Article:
6Yu AS, Cheung RC, Keeffe EB. Hepatitis B vaccines. Clin Liver Dis 2004; 8:283–300.
7Simo MJ, Gaztambide GM, Femandez MP, Pena FM. Hepatitis B vaccine immune-responsiveness in adolescents: a revaccination proposal after primary vaccination. Vaccine 1996; 14:103–106.
8Ahad A, Alim A, Guho A, Islam QT, Azad KA. Role of booster dose on antibody titer after recombinant hepatitis B vaccination. J Med 2009; 10:67–76.
9Poorolajal J, Mahmoodi M, Majdzadeh R, Nasseri-Moghaddam S, Haghdoost A, Fotouhi A. Long-term protection provided by hepatitis B vaccine and need for booster dose: a meta-analysis. Vaccine 2010; 28:623–631.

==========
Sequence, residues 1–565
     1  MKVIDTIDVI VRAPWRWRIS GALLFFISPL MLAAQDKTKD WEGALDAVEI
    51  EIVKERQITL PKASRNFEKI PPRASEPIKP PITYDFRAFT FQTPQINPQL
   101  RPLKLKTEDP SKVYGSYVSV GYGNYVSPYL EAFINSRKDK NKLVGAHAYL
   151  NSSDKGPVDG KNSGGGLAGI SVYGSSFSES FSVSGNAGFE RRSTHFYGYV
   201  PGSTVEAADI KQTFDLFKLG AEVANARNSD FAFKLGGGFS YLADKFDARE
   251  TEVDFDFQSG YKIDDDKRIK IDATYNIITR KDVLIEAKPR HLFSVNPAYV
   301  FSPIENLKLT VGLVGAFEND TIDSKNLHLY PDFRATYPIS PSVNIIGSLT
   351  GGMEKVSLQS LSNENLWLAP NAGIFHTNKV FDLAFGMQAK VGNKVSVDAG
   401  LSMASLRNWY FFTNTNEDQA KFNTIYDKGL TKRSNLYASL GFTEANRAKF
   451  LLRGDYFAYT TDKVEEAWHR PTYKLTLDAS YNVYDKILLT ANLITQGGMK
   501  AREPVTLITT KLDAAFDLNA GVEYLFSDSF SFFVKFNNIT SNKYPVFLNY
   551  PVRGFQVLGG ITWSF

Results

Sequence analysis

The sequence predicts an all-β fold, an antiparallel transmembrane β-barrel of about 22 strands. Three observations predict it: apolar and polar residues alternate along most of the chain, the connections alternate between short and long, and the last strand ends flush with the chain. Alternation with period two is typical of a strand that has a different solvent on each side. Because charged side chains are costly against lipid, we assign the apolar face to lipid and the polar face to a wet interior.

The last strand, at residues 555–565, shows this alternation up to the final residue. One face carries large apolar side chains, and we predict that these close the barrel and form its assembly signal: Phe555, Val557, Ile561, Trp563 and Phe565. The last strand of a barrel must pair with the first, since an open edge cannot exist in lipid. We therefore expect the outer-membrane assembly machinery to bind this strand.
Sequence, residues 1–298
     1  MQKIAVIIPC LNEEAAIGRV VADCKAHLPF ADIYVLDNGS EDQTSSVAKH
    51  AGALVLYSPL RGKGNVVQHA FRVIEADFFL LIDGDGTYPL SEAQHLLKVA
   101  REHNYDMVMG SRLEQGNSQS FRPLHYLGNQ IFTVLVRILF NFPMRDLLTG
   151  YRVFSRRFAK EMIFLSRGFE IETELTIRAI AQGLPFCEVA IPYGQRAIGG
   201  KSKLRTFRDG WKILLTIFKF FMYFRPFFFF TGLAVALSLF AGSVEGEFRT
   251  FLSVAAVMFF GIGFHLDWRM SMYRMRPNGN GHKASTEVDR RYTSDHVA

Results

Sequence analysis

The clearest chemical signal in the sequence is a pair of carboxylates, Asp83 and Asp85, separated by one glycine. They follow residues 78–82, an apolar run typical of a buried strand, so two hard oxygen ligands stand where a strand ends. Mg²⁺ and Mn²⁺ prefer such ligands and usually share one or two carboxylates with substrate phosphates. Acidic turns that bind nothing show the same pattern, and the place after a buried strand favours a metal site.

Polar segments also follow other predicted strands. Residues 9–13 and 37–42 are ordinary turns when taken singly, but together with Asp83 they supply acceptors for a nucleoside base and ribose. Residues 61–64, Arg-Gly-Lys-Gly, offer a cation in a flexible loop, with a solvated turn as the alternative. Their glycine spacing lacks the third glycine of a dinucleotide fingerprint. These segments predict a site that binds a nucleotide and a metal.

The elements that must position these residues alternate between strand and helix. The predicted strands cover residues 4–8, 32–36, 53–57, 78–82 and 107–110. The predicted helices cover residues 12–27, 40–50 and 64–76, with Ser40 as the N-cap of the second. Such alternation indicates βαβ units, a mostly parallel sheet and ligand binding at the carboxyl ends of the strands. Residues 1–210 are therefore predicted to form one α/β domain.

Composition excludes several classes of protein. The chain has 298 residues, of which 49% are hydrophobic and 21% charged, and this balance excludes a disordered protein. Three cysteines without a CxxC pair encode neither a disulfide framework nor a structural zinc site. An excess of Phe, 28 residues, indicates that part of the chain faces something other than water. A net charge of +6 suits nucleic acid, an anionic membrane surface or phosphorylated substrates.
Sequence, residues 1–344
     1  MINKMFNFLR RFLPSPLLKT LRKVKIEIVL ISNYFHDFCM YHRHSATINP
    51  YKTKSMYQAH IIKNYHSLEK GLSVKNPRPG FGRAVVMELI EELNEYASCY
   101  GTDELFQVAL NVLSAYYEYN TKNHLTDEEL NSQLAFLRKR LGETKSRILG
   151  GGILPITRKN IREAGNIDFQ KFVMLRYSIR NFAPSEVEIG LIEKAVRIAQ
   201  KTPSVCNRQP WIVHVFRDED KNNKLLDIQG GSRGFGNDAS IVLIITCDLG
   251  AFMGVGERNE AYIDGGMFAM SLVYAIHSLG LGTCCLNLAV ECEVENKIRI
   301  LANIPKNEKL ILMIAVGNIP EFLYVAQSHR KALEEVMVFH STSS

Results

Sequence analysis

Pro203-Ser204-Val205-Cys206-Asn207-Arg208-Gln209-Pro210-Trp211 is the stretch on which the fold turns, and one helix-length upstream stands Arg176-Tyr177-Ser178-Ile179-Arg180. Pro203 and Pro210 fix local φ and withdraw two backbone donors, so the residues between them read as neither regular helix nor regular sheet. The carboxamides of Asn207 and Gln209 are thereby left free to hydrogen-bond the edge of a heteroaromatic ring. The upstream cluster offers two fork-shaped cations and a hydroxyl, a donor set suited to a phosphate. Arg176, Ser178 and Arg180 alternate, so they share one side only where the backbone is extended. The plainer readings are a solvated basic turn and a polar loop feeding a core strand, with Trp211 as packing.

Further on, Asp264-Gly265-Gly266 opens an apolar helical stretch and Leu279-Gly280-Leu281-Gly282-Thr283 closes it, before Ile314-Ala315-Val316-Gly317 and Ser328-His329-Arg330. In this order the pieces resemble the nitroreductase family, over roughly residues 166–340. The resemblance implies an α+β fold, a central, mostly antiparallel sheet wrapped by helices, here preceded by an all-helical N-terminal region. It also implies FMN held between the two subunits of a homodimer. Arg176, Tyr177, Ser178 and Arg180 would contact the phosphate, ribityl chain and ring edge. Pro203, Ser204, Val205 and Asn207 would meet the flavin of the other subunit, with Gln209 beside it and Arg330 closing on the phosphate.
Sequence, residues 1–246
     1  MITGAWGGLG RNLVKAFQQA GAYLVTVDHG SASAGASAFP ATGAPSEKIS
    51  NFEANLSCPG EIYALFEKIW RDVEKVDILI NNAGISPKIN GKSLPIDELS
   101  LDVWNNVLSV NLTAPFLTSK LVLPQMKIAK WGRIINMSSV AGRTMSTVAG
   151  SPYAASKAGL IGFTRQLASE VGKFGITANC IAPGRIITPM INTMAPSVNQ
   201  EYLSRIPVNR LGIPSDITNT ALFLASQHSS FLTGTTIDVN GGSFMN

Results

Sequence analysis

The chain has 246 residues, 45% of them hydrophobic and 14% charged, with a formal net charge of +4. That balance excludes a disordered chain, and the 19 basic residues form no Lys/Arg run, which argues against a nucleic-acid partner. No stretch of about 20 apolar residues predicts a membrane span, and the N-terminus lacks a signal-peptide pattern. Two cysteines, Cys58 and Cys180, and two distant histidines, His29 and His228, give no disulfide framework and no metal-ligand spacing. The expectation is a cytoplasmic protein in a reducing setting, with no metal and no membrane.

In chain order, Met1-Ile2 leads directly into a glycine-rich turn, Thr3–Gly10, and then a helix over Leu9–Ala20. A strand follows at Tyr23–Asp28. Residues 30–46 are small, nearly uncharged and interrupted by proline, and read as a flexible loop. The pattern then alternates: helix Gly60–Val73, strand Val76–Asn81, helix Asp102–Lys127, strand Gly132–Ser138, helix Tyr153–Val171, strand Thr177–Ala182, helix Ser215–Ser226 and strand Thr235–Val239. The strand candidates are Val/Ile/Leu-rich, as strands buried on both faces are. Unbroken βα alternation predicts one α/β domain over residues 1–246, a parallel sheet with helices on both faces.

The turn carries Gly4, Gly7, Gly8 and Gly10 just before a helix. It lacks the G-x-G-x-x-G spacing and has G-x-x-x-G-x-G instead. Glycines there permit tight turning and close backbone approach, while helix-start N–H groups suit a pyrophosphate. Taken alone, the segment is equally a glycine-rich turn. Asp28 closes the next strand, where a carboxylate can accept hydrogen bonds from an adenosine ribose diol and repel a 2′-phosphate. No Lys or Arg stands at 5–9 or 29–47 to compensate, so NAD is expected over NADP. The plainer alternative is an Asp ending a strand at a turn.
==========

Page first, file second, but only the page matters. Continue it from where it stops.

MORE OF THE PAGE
10Salama II, Sami SM, Said ZNA, El-Sayed MH, El Etreby LA, Rabah TM et al. Effectiveness of hepatitis B virus vaccination program in Egypt: multicenter national project. World J Hepatol 2017; 7:2418–2426.
11Shaaban FA, Hassanin AI, Samy SM, Salama SI, Said ZN. Long-term immunity to hepatitis B among a sample of fully vaccinated children in Cairo, Egypt. East Mediterr Health J 2007; 13:750–757.
12El Sherbini A, Mohsen SA, Seleem Z, Ghany AA, Moneib A, Abaza AH. Hepatitis B virus among schoolchildren in an endemic area in Egypt over a decade: impact of hepatitis B vaccine.Am J Infect Control 2006; 34:600–602.